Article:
Pakistani batsman Ali Waqas has urged International Cricket Council (ICC) to allow him for usage of steroids due to medical complications he has been facing, following a kidney transplant.
Ali Waqas went through a kidney transplant last year and now he has decided to rejoin mainstream cricket. Waqas, representing Sui Northern Gas Pipeline (SNGP), had been playing under captaincy of Misbahul Haq.
It is not a first instance when a player has started cricket again after a transplant. Earlier in 2000, US Basketball player Sean Michael Elliott went under surgery and then resumed to the game. Similarly, Rugby player Jonah Lomu had also gone through a transplant in 2002.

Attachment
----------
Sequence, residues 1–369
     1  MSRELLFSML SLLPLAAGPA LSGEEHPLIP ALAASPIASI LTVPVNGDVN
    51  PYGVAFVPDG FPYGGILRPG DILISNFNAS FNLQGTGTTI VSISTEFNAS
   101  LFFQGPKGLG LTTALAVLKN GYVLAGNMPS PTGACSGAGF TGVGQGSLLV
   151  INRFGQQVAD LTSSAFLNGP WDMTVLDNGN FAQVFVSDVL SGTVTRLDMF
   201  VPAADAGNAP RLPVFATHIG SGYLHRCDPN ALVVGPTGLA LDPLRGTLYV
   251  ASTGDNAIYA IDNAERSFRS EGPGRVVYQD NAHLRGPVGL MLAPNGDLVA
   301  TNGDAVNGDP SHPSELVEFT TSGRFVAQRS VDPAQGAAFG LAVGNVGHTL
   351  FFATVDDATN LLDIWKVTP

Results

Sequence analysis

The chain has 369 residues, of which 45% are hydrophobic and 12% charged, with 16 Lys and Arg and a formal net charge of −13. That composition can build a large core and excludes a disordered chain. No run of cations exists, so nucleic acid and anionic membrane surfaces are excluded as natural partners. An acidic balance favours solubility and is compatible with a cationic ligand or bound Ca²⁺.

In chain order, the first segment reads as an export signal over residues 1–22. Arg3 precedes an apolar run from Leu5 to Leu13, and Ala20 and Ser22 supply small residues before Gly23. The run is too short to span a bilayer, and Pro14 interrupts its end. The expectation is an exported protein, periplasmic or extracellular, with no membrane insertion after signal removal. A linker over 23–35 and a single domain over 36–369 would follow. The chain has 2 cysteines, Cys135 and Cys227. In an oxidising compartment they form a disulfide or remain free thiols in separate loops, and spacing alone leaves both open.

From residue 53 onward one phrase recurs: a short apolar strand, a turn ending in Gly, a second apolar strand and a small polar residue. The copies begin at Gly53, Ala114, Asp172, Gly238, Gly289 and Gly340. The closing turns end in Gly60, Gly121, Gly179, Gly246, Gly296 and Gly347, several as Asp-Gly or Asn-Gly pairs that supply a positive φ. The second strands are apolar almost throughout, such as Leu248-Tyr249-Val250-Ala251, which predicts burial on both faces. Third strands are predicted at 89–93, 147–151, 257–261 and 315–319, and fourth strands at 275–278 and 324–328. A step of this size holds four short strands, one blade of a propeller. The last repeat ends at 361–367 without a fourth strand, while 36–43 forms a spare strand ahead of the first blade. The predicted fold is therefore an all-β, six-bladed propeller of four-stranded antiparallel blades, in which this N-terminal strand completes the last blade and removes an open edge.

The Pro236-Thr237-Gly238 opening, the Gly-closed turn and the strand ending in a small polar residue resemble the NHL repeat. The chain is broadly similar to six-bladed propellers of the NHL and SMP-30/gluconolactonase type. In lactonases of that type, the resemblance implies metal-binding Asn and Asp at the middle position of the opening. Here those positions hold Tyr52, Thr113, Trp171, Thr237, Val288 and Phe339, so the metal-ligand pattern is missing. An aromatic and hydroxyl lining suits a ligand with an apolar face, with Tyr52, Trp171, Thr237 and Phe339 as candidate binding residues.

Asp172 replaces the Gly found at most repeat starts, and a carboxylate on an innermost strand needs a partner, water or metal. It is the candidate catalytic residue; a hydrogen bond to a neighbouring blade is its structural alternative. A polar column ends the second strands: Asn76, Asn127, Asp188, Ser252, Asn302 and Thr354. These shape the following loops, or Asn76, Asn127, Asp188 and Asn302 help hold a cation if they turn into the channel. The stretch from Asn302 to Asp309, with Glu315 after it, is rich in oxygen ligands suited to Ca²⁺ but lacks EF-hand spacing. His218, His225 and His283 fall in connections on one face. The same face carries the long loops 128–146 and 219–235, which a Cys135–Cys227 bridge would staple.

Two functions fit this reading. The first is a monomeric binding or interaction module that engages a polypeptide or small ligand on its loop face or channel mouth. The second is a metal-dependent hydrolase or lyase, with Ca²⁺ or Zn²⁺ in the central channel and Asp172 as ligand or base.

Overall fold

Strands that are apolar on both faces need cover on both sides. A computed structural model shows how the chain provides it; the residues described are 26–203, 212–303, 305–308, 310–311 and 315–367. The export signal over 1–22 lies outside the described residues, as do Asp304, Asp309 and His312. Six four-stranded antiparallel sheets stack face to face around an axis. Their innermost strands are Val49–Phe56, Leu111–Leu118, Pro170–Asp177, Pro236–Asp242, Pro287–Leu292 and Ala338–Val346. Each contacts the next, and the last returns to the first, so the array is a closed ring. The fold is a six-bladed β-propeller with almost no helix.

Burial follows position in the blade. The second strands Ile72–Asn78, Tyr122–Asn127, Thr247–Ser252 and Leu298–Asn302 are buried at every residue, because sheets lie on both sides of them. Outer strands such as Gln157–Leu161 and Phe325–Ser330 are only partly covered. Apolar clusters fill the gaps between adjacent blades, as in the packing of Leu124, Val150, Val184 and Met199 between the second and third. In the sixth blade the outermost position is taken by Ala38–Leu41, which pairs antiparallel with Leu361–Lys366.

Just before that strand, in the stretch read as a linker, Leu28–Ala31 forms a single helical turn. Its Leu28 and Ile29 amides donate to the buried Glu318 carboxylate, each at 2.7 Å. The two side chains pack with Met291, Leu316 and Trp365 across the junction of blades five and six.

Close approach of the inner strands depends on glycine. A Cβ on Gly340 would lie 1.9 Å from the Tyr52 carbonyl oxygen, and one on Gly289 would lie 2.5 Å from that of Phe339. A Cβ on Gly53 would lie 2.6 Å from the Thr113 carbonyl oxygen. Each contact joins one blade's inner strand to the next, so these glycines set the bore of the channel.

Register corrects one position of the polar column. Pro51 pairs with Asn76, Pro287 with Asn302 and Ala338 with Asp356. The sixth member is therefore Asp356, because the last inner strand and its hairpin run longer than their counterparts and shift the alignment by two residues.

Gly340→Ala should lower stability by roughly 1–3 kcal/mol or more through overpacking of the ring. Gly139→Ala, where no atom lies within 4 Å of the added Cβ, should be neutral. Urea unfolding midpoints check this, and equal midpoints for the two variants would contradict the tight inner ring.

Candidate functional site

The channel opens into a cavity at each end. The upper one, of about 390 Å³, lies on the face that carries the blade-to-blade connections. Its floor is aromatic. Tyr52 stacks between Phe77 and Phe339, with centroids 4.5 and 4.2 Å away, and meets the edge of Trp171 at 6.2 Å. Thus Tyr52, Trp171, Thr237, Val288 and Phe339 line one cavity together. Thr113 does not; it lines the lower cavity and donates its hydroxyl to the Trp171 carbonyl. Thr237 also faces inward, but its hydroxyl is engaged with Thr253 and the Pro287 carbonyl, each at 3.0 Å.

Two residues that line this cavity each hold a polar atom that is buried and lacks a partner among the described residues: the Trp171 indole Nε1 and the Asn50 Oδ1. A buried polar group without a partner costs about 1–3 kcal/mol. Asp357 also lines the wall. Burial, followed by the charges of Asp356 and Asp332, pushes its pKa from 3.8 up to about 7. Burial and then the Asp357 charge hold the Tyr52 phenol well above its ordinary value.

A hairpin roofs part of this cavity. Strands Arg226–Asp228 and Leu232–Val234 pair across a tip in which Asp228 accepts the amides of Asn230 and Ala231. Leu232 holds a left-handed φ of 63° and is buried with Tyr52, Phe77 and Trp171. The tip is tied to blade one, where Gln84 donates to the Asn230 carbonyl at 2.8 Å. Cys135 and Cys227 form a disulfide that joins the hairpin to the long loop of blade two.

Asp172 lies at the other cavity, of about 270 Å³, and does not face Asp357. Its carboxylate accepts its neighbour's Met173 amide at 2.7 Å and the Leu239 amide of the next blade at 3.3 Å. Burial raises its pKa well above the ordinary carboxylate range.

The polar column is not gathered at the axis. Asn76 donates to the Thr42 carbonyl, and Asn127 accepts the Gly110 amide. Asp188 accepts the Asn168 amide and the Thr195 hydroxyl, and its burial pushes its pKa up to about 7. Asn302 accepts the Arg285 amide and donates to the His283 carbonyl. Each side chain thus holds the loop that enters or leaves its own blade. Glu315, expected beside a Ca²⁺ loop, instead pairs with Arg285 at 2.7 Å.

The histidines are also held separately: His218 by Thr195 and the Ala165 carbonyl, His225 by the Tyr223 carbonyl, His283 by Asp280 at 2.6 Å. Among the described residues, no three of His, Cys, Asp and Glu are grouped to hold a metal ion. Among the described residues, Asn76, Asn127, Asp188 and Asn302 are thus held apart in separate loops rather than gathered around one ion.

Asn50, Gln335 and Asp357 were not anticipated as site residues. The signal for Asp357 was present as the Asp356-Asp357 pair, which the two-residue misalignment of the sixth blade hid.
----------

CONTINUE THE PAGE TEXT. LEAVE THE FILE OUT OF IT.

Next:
Waqas vowed to play cricket again. He said patients like him “cannot survive without steroids” so he had approached the ICC, seeking special permission for usage of steroids.
He has already played 72 first class matches and represented Pakistan’s A-team. He also requested Pakistan Cricket Board (PCB) in this regard.
Meanwhile, Test player Basit Ali has said that ICC has been approached for special permission and Chairman David Richardson responded positively on the issue.
According to the rules of International Anti-Doping Agency, players can use steroids under certain circumstances but they are needed to take permission in advance.